JJ: Oh, no, no. Not at all. But there was one time when a chair came back from an exhibition that had some dings on it, and it was no longer one of Judd’s chairs. He was just pissed that someone had mis-handled his work so badly.
But things get beat up and used all of the time. It’s just a matter of cleaning the furniture. We varnished or applied a water-based finish on all of the furniture, so it will last pretty long if it’s taken care of. You can easily clean it with water and a cloth.
RM: So other than making a new suite of Ten Chairs for the exhibition, are you actively making furniture for the Judd Foundation?
JJ: Yes, I’m fabricating the wood Judd line now. But I was not making Judd furniture around the time I came out to the IMA to work on Bob’s installation , but I started again about a year and a half ago.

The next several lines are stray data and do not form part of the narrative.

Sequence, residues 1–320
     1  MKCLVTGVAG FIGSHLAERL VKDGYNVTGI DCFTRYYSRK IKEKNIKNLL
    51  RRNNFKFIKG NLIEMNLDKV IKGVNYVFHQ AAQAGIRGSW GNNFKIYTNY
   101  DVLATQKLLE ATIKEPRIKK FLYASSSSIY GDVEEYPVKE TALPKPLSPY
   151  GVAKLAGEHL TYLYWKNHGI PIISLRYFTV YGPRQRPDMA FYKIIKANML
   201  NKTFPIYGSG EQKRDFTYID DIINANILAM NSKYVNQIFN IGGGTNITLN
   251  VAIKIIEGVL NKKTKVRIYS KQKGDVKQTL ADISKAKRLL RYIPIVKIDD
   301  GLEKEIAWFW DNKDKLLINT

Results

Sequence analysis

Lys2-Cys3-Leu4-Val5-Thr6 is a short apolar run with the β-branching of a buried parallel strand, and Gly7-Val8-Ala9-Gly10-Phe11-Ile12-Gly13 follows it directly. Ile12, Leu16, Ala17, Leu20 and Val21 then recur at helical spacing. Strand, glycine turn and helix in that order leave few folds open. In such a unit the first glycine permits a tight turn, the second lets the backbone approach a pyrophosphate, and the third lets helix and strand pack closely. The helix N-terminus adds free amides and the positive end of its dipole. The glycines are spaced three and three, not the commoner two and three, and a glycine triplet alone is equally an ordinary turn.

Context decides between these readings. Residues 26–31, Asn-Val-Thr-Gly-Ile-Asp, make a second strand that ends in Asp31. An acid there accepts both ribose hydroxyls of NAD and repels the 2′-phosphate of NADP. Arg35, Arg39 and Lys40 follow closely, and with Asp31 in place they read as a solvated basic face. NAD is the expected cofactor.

RM: Have you worked for other artists?
JJ: I worked for the Josef & Anni Albers Foundation because they have a line of furniture that Joseph designed when he was at the Bauhaus. He’s made some really fantastic designs. I’ve fabricated some of those for them: tables, bookshelves, chairs, lots of great stuff.
Also, I make some things for the London-based architect John Pawson. I usually make a couple tables a year for them.
I’m still doing cool stuff for Bob [Irwin]. I’m getting ready to go down to the San Diego Museum of Contemporary Art and work on one of his scrim installations for the upcoming Getty-sponsored project, Pacific Standard Time.